I grant, the desire of keeping on the public benefits of incorporation, may many times be a reason for bishops and ministers, voluntarily to rest under state-deprivations and inhibitions, when it is a case only of personal rights and privileges. Such deprivations and inhibitions, often affect persons only and not things, when, on the deprivation of one, the same ministrations would be kept up by others: as was done in the depositions of high-priests, so common in later times among the Jews; and of patriarchs, so ordinary at present among the Greeks; and may happen in other places. In all which, there is only a change of persons, but no change in ministrations; the church being lead on in the same necessary worship, doctrine, and practice, under both. And here, to prevent a breach with the state, and to keep on the way of spiritual ministrations with the benefit of secular accessions, the bishops and pastors of an incorporate church, (where it is not like to do the church more hurt by an utter loss of its liberty in these points, than the incorporation desired will compensate,) may think there is more cause for the churches sake, to rest under state-deprivations. They may esteem it their parts, to quit their own particular interests, to advance the churches; and believe that the keeping on the public benefits of incorporation, will abundantly compensate, for the wrongful encroachment made by such deprivation on a private person. But in cases, which concern, not only the personal rights and privileges of pastors, but the substance of religion, or the safety of souls, and where Christ requires they should exercise their ministrations, as I have shown he doth in the foresaid cases: they must not let them fall, in regard to any inhibitions, or deprivations, even of their lawful princes. They must here slight all worldly benefit of protection, and be willing, if need require, to undergo a persecution. And go on faithfully in their ministrations, as their bounden duty requires, and as in these cases, God's faithful ministers have done in all times.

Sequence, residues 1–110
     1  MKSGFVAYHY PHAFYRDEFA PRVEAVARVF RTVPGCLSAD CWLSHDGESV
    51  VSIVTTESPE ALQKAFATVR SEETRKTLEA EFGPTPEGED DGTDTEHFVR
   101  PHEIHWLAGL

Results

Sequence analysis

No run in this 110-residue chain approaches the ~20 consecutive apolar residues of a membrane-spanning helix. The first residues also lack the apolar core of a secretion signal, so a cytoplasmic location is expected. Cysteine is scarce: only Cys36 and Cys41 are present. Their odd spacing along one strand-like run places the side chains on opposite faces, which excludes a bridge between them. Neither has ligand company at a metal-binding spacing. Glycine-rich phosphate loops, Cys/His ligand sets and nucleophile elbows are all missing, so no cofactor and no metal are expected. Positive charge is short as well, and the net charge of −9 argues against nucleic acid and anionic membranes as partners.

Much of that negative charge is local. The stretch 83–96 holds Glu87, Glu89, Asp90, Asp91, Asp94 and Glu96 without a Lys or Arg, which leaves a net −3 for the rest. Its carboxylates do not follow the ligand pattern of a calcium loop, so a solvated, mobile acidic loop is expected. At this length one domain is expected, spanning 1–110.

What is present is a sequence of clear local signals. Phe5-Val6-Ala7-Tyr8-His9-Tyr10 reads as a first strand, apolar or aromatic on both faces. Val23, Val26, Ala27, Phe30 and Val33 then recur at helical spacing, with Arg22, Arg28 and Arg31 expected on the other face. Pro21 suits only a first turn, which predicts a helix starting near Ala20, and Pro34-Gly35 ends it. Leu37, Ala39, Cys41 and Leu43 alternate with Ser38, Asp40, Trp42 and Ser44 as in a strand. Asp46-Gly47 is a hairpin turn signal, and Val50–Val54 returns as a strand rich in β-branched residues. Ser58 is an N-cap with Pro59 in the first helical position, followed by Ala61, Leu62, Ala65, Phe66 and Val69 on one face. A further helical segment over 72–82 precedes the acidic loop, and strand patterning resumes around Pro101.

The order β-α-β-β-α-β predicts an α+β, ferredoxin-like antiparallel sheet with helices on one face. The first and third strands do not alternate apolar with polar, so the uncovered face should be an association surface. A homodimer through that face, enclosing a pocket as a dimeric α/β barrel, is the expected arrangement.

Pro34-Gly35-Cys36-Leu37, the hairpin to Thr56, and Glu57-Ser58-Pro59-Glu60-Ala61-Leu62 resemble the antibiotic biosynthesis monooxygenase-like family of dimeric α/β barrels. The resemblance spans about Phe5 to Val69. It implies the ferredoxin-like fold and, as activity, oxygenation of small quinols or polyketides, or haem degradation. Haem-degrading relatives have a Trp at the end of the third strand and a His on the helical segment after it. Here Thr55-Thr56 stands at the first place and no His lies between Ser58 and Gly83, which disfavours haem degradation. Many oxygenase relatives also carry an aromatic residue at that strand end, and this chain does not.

2. Secondly, what is so given up by the church, for abridgement of its own power in spiritual ministrations, is only whilst it keeps united to the state, and receives protection, not when it is separated from it again, or falls under persecution. Its recessions, as I noted, were on consideration of state benefits, and as a grateful return for them whilst it was suffered to enjoy them. They are all upon the score of its union; and so cease when the state breaks off, and turns it up to itself again. For being made separate, it is no longer under any former ties of incorporation, but acts again with the powers of a separate condition. And thus it is, when, instead of protecting, the state puts any necessary points of doctrine or worship, or part of their ministration, under persecution. When it separates its protection, it separates itself. It drives out the church, when it drives out any of those things, which the church must stick to at all perils; and when, instead of incorporating, or civilly protecting the ministrations thereof, it falls to incorporate, and to protect the ministration of error and wickedness, in their place. It disfranchises pure worship and doctrine, when it enfranchises errors and corruptions contrary to them: and by turning to persecute the necessary ministrations of pure religion, it breaks itself from them, and thence forward they are no longer one, but become two again.

So that, whatever regard and compliance the bishops and ministers of Christ may show, to such deprivations and inhibitions of the state whereinto they are incorporated, whilst it inhibits no necessary ministrations to religion, or to the souls of men, but, in discharging all those, they enjoy the privileges and protection thereof: yet are they not to be discharged thereby, from ministering to the same in all the foresaid, or other like cases; nor to be debarred of any of their spiritual powers, after once the state breaks with them, and, instead of yielding them the benefits of incorporation, puts them under persecution. But then, they must exercise these ministrations, only according to what they have received from Christ, and from the canons of the church, so far as they do not interfere with any innocent state laws, which restrain them as good subjects: not with any civil fortifications, and state accessions.